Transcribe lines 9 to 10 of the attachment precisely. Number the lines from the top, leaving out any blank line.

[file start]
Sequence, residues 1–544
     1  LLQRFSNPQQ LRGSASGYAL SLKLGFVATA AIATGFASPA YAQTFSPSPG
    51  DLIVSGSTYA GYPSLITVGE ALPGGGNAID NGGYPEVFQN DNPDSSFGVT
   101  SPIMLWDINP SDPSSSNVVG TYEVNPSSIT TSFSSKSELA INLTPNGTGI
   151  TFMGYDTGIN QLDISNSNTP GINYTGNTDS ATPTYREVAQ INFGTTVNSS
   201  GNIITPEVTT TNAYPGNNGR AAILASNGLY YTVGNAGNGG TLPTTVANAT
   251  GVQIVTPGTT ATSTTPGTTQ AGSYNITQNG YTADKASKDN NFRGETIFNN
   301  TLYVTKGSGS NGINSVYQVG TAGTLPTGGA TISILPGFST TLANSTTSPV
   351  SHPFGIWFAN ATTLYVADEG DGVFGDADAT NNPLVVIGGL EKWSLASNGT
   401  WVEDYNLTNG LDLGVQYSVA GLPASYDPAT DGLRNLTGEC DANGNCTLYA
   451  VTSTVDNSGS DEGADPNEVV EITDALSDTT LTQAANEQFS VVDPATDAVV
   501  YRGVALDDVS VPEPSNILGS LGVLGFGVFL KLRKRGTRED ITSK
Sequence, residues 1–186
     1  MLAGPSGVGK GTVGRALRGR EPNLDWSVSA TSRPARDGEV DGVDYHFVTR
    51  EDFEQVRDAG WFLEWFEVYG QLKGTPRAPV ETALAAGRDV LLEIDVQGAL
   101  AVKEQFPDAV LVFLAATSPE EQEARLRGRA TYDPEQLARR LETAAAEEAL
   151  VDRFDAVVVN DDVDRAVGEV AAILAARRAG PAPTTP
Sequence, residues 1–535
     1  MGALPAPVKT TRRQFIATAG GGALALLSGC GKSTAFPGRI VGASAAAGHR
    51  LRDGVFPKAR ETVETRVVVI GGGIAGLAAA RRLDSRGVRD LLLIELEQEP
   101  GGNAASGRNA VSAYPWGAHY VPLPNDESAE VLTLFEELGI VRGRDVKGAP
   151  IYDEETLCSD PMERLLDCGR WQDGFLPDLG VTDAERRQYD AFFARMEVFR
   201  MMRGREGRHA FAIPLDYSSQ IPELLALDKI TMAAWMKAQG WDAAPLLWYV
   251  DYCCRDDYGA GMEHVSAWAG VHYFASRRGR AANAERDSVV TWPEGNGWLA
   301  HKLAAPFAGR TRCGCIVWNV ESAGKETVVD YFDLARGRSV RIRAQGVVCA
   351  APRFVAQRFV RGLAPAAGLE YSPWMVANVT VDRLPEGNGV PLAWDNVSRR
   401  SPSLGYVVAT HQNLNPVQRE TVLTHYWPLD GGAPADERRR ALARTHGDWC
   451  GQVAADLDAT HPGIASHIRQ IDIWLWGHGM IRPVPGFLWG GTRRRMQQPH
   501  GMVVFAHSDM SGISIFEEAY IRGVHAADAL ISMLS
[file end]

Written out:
   351  SHPFGIWFAN ATTLYVADEG DGVFGDADAT NNPLVVIGGL EKWSLASNGT
   401  WVEDYNLTNG LDLGVQYSVA GLPASYDPAT DGLRNLTGEC DANGNCTLYA